In a world overrun with obscure political conflicts that wreak unjust havoc on the lives of civilians, Kristin Anahit Cass bears witness in two series of photographs currently on view online at the Stamelos Gallery Center of the University of Michigan-Dearborn. An American lawyer whose family fled the 1915 Armenian Genocide, Cass has since 2015 traveled through the villages of Tavush, an Armenian province along the Azerbaijani border, documenting lives eked out under quotidian threat of sniper fire: children who study in a kindergarten where the window in the music room was shot out; homes with bullet holes in bathrooms, dining rooms, nurseries; abandoned factories where Armenians and Azeris used to work together. The portraits, of both people and places, are composed with a tender straightforwardness that befits each particular subject. Instead of the aestheticized ruins of disaster porn, moments of human resilience shine through alongside the trauma: the pride of a teenage girl sharpshooter, the bright colors and patterns of domestic textiles, a hospitable table full of homegrown fruits and handmade pastries. It’s a tenuous life rendered tragically more vulnerable this past September, with the Second Nagorno-Karabakh War and its continued aftermath.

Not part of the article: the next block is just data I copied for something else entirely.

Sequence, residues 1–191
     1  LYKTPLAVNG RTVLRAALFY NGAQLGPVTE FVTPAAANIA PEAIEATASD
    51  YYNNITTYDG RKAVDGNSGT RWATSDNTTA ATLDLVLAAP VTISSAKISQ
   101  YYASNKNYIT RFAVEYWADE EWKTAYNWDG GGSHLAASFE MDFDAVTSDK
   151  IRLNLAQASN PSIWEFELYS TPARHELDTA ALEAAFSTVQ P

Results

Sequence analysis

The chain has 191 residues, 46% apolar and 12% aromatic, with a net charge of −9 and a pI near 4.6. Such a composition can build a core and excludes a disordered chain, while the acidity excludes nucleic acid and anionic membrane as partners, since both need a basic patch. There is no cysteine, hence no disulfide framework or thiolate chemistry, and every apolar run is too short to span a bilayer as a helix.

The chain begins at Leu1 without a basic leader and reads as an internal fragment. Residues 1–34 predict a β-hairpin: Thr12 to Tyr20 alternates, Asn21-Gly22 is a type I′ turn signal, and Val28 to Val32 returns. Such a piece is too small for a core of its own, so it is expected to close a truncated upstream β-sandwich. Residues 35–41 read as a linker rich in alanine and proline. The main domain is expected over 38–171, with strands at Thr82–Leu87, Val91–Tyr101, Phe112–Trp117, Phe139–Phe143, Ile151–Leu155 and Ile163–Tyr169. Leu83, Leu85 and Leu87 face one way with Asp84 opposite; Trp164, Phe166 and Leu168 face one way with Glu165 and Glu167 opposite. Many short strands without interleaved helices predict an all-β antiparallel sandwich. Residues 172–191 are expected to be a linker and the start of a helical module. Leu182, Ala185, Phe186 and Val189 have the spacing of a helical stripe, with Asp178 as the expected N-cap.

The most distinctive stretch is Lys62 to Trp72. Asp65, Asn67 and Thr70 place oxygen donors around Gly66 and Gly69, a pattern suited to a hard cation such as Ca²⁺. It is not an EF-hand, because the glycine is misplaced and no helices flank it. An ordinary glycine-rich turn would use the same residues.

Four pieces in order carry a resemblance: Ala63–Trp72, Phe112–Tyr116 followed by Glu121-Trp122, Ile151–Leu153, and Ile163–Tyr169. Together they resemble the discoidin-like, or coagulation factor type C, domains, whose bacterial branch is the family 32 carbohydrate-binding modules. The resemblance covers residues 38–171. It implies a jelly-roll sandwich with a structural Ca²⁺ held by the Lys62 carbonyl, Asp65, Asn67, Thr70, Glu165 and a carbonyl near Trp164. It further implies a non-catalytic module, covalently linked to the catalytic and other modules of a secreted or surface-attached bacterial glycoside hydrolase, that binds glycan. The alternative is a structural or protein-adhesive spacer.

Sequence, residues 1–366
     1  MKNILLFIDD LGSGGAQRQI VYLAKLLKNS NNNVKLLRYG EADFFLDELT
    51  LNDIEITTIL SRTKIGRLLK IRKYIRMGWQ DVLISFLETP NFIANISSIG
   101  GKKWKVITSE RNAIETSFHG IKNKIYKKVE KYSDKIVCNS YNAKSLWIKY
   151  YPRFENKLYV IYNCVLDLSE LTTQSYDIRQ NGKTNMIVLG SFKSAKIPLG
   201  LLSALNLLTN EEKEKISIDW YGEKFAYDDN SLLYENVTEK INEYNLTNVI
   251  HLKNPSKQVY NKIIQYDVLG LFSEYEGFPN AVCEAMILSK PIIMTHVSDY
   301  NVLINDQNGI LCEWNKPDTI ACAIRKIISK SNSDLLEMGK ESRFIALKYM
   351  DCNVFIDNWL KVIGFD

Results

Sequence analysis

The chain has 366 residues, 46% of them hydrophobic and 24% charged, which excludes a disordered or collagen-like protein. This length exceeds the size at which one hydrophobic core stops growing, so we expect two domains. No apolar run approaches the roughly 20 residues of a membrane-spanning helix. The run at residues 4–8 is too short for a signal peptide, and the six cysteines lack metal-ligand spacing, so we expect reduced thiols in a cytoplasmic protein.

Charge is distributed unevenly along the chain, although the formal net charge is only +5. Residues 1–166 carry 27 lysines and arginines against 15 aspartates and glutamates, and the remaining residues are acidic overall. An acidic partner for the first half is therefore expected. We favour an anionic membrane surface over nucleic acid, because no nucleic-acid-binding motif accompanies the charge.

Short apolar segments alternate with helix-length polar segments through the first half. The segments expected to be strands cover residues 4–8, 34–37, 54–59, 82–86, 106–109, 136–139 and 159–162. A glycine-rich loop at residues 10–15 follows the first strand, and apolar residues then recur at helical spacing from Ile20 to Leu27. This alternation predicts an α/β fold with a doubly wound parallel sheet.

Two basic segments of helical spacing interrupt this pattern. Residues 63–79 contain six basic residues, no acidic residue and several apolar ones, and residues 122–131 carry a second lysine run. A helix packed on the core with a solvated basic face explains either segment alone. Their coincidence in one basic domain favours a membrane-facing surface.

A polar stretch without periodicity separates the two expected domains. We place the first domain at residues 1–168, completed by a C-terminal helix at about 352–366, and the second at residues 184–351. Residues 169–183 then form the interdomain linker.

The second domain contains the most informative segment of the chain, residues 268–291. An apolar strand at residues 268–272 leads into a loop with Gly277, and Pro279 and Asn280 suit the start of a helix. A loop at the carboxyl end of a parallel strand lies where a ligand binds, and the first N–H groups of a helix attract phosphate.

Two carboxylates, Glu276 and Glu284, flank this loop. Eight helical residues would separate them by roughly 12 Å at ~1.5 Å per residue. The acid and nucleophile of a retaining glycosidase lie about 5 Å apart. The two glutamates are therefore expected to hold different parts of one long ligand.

—Lori Waxman 2021-02-19 3:03 PM